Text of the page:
Starting Christian Meditation
Meditation is one of the most important activities to develop spiritual life. It is an encounter between the soul and God. This is why it is so important. Nowadays when you hear the word “meditation,” you might worry about it being confused with New Age or Eastern spirituality traditions. But don’t worry, Christian meditation is thousands of years old.
The Catechism of the Catholic Church quotes St. Therese of the Child Jesus as saying “For me, prayer is a surge of the heart; it is a simple look turned toward heaven, it is a cry of recognition and of love, embracing both trial and joy.” (CCC 2559) St. Therese reveals something important about prayer life. It must be constant, in times of joy and during trials.
“Meditation is above all a quest. The mind seeks to understand the why and how of the Christian life, in order to adhere and respond to what the Lord is asking.” (CCC 2705) It is difficult to pay attention during meditation, but the will’s exercise in this point will help very much to form the habit of prayer. To help concentration, we can help ourselves by using holy images and sacred music, in addition to Holy Scripture and texts from the liturgy. The writings of the Popes, Fathers of the Church, saints and recognized spiritual authors can also be of help.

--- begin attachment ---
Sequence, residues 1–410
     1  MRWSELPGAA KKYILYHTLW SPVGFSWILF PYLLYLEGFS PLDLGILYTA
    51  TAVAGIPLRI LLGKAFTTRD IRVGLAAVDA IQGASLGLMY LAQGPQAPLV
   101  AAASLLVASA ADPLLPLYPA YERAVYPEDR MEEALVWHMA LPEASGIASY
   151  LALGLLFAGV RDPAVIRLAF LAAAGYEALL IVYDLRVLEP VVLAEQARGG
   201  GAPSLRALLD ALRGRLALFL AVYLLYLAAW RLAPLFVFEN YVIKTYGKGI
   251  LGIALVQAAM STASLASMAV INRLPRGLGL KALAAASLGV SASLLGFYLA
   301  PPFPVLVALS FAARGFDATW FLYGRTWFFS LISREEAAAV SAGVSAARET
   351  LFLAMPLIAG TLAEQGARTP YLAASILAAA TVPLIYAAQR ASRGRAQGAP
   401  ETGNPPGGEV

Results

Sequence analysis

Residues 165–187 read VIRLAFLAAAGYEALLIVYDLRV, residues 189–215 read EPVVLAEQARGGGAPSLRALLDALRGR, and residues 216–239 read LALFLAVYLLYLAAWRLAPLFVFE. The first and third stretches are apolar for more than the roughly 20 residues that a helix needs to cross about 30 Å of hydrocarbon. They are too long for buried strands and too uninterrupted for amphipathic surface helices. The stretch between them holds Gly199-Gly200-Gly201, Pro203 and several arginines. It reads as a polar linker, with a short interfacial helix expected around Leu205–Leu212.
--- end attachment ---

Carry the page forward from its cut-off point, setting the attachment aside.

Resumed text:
“Meditation engages thought, imagination, emotion, and desire.” (CCC 2708) It is the whole person who prays during meditation. The fruit of prayer is to contemplate a divine truth and make it one’s own. This helps us to “deepen our convictions of faith, prompt the conversion of our heart, and strengthen our will to follow Christ. Christian prayer tries above all to meditate on the mysteries of Christ, as in lectio divina or the rosary. This form of prayerful reflection is of great value, but Christian prayer should go further: to the knowledge of the love of the Lord Jesus, to union with him.” (CCC 2708)
The Jesuit theologian Karl Rahner commented once that “the devout Christian of the future will either be a ‘mystic’ – someone who has ‘experienced something’ – or will cease to be anything at all.” This experience of Christ is necessary to allow growth of spiritual life. We have to know Christ as we know a friend.
In meditation, we begin by making ourselves aware of God’s presence. It may be helpful to renew our sense of the theological virtues present in our souls. Then we go to the content of the daily meditation. Here, it is important to silence the soul, read the text, and then begin to pray and come up with a commitment for the day. Prayer should transform us. That is where we can come to experience God who gives meaning to our lives.